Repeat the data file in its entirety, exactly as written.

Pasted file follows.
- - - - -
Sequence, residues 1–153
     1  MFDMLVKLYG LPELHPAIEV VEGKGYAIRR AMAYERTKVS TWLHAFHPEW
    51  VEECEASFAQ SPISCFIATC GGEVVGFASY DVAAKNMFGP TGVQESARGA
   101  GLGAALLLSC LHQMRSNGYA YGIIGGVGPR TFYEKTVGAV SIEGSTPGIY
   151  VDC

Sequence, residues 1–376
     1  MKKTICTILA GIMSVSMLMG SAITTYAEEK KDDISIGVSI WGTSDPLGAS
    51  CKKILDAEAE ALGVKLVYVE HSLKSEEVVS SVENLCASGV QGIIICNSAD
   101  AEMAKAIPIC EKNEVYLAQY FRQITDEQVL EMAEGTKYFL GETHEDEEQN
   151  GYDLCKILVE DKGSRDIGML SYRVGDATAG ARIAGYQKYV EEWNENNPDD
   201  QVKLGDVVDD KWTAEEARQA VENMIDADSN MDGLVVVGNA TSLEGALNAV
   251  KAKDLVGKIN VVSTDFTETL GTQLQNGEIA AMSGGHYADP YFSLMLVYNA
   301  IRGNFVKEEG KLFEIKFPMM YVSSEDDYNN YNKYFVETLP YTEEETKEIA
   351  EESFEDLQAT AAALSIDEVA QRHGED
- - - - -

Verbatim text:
Sequence, residues 1–153
     1  MFDMLVKLYG LPELHPAIEV VEGKGYAIRR AMAYERTKVS TWLHAFHPEW
    51  VEECEASFAQ SPISCFIATC GGEVVGFASY DVAAKNMFGP TGVQESARGA
   101  GLGAALLLSC LHQMRSNGYA YGIIGGVGPR TFYEKTVGAV SIEGSTPGIY
   151  VDC

Sequence, residues 1–376
     1  MKKTICTILA GIMSVSMLMG SAITTYAEEK KDDISIGVSI WGTSDPLGAS
    51  CKKILDAEAE ALGVKLVYVE HSLKSEEVVS SVENLCASGV QGIIICNSAD
   101  AEMAKAIPIC EKNEVYLAQY FRQITDEQVL EMAEGTKYFL GETHEDEEQN
   151  GYDLCKILVE DKGSRDIGML SYRVGDATAG ARIAGYQKYV EEWNENNPDD
   201  QVKLGDVVDD KWTAEEARQA VENMIDADSN MDGLVVVGNA TSLEGALNAV
   251  KAKDLVGKIN VVSTDFTETL GTQLQNGEIA AMSGGHYADP YFSLMLVYNA
   301  IRGNFVKEEG KLFEIKFPMM YVSSEDDYNN YNKYFVETLP YTEEETKEIA
   351  EESFEDLQAT AAALSIDEVA QRHGED